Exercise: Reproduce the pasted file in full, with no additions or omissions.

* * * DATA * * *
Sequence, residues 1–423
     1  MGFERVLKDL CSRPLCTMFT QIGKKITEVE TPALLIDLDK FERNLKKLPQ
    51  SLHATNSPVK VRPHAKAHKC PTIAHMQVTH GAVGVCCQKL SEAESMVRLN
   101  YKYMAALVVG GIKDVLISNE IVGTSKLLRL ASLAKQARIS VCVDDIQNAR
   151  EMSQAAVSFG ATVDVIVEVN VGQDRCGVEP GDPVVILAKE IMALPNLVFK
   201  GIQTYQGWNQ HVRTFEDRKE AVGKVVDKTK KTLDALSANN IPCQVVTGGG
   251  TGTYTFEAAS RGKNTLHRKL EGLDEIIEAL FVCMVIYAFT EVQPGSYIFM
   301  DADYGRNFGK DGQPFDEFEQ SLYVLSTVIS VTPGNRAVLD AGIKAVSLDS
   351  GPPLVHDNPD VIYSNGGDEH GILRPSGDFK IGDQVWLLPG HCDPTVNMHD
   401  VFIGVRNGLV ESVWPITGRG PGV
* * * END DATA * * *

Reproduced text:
Sequence, residues 1–423
     1  MGFERVLKDL CSRPLCTMFT QIGKKITEVE TPALLIDLDK FERNLKKLPQ
    51  SLHATNSPVK VRPHAKAHKC PTIAHMQVTH GAVGVCCQKL SEAESMVRLN
   101  YKYMAALVVG GIKDVLISNE IVGTSKLLRL ASLAKQARIS VCVDDIQNAR
   151  EMSQAAVSFG ATVDVIVEVN VGQDRCGVEP GDPVVILAKE IMALPNLVFK
   201  GIQTYQGWNQ HVRTFEDRKE AVGKVVDKTK KTLDALSANN IPCQVVTGGG
   251  TGTYTFEAAS RGKNTLHRKL EGLDEIIEAL FVCMVIYAFT EVQPGSYIFM
   301  DADYGRNFGK DGQPFDEFEQ SLYVLSTVIS VTPGNRAVLD AGIKAVSLDS
   351  GPPLVHDNPD VIYSNGGDEH GILRPSGDFK IGDQVWLLPG HCDPTVNMHD
   401  VFIGVRNGLV ESVWPITGRG PGV